Illustration: Tyler Lang
A suit filed May 12 in the Southern District of New York by the American Civil Liberties Union and the Public Patent Foundation at the Benjamin Cardozo School of Law in New York City represents the latest attempt to make American intellectual property law less restrictive. At issue are several patents on the genes BRCA1 and BRCA2, the infamous “breast cancer” genes, held by Utah-based Myriad Genetics Laboratories. Parties to the suit include pathologists, geneticists—both as members of professional scientific organizations and as individual researchers—and individual patients. Since Myriad holds these patents, it is the only company in the United States allowed to screen patients for variants of the two BRCA genes that are known to greatly increase the likelihood that a woman will develop breast or ovarian cancers; this monopoly means that the company is able to charge $3,600 for each comprehensive scan. Furthermore, the scientists involved in the suit are not able to carry out either clinical or basic research without approval from—and fees paid to—Myriad.
This is not the first rebellion against Myriad’s BRCA patents. European researchers spent seven years disputing the equivalent patents on that continent, which were ultimately limited last autumn; according to one researcher, it was the exorbitant licensing fee, more than the idea of patenting gene sequences or the idea that an individual could restrict the abilities of others to do science, that drove the scientists to resist the patents.
Indeed, money is at the very bottom of the issue here. Article I, Section 8, Clause 8 of the US Constitution authorizes Congress to protect the work of inventors in order to “promote the progress of science and useful arts.” That can be read to mean that there must be incentives to do research—one must be able to make a living—else science will not happen. Who would dispute that? But that clause also must be read in a more general sense, so that making money alone is not treated as the sole enabler of the progress of science. Myriad Genetics’ BRCA patents enable them to make money, but in the end, the patents describe little worthy of protection: You could teach the biology covered to a room full of high school students and still have 10 minutes until the bell rang for lunch. The ideas embodied in the patent seem the very picture of unpatentable obviousness. Among other things, the patents cover even the very act of comparing two copies of the BRCA genes, from both cancerous and noncancerous tissues in a patient, to see if they are identical—even when using methods for gene assays that are not themselves patented! And, of course, the patents control the sequences of many variants of the genes. A patent on the thing that must be studied for science to progress is inherently an impediment to scientific progress. That may not be what the law says yet, but it’s time it did.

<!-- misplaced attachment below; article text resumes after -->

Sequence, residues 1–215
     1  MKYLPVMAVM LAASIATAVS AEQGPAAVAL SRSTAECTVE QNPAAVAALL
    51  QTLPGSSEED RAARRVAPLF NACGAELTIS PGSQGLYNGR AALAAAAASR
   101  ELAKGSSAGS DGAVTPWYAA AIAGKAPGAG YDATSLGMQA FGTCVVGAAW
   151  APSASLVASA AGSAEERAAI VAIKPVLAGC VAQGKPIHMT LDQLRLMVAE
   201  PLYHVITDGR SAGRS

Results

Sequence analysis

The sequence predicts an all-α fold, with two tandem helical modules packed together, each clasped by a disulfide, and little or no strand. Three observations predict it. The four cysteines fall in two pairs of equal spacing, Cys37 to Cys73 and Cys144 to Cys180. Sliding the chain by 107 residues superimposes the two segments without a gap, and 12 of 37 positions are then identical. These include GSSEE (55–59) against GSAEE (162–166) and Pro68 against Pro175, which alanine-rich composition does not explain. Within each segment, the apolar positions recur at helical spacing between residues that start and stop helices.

Science in a Time of Economic Cholera
The Australian science community, braced for budget cuts, got a surprise this week when the Australian government announced a 25 percent increase in the federal science budget to approximately US$4 billion, including roughly US$370 million to create space for an extra 50,000 college students by 2013, and more, although some critics, as ScienceInsider reported, worried that too great an emphasis was being placed on infrastructure. Austrian scientists meanwhile were blindsided last Friday when its government decided to pull out of CERN, the organization that built the Large Hadron Collider, after participating for half a century. One may seem good for science, the other bad—although CERN will no doubt survive the departure of the Austrians—but it seems quite likely that both decisions are motivated by the same logic, and that it is likely not what is best for science.